Subterranean; Wed 17
Sometimes disparate isolated individuals come up with similar innovations simultaneously. Thomas Edison wasn’t the only electric lightbulb inventor—just the first to successfully market it. When Certainly, Sir’s Michael Brodeur and Klaus Hubben sent their early demos to Death Cab for Cutie’s Ben Gibbard in 2001 (Brodeur’s old band the Wicked Farleys had been friendly with DCFC), they were quite surprised to hear that Gibbard was also crafting a dreamy blend of indie pop and electronica with his new side project the Postal Service. Despite the distance between their hometowns of Boston and Seattle, there was some healthy overlap of stick-in-your-head songwriting, soft-spoken vocals and pulsing, synth-driven rhythms.
While the Postal Service was a one-time affair, Certainly, Sir has been progressing steadily since its bedroom Pro Tools beginnings, fueled by mingled loves for New Order, Kraftwerk and dub reggae. With Hubben providing the clever beats and Brodeur the cleverer words, they assembled a backing band and hit the road opening for the Promise Ring and American Analog Set. Amazingly, after two sublime overseas albums, including last year’s sleek and sophisticated TAN! (featuring guest vocals from Gibbard), and kudos from the British press, it’s still without a domestic record deal.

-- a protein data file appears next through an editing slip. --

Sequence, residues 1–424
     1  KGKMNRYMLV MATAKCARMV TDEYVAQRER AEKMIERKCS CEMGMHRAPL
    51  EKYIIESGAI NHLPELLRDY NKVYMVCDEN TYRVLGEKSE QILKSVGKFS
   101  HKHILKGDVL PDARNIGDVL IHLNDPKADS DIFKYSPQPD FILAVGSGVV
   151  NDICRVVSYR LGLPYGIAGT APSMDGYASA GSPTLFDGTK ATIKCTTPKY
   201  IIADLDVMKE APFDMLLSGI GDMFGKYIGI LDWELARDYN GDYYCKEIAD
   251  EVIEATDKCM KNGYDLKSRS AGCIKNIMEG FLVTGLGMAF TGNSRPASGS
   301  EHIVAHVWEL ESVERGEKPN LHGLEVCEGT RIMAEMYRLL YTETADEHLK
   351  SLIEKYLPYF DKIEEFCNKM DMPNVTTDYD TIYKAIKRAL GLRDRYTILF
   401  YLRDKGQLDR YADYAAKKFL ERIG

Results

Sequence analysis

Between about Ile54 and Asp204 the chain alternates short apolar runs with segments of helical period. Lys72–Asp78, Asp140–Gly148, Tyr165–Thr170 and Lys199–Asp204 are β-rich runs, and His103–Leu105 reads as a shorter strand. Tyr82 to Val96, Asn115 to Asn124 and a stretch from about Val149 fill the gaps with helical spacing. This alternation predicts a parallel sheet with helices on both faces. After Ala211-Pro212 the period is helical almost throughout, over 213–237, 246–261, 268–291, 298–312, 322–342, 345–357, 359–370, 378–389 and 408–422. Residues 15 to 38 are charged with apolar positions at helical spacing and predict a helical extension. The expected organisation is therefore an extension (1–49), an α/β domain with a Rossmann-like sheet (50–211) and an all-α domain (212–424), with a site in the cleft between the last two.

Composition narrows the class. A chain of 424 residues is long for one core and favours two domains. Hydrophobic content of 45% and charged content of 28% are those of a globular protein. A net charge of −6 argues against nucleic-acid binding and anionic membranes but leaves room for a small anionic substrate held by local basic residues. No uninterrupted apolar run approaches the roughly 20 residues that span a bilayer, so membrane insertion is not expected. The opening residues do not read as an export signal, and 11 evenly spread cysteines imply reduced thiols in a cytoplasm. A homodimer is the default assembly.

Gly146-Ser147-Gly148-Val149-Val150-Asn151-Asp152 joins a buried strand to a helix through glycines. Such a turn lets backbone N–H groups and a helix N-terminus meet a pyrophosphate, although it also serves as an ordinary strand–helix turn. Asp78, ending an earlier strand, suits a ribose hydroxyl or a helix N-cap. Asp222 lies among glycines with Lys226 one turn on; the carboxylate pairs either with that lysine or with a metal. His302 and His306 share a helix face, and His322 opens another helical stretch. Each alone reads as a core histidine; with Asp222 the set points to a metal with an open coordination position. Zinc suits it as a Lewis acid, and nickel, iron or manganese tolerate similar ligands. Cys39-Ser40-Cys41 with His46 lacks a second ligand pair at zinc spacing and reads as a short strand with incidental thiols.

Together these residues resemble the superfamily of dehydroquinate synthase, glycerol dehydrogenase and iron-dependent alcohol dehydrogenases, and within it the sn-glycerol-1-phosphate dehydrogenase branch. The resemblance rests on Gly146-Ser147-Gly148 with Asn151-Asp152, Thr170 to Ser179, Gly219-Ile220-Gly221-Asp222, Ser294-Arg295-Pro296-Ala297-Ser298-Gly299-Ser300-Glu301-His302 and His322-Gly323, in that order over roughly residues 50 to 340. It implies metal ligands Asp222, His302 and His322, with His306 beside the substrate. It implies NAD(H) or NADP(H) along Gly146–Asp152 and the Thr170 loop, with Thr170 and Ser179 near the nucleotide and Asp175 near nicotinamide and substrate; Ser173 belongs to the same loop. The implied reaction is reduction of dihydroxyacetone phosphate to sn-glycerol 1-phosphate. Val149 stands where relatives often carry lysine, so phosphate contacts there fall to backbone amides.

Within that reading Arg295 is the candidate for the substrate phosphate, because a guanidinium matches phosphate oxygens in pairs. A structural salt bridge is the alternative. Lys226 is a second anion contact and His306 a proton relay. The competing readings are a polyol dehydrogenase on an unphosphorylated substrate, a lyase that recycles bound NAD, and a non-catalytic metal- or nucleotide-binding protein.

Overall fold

Still aiming for the dance floor, Certainly, Sir’s been showing more of its rock-band roots lately, adding incredibly dynamic drummer Jeff Galusha (ex–Vehicle Birth) and relying less on computer sequencers. Like local loopy trance rockers Michael Columbia, the group’s heavily but not exclusively electronic, with Brodeur’s hushed croon and chiming guitar offsetting the synths and vocoderized background vocals. Opening things up live and letting the songs breathe, Hubben and Brodeur prove they may be slaves to the rhythm—but never to the technology.—Ben Taylor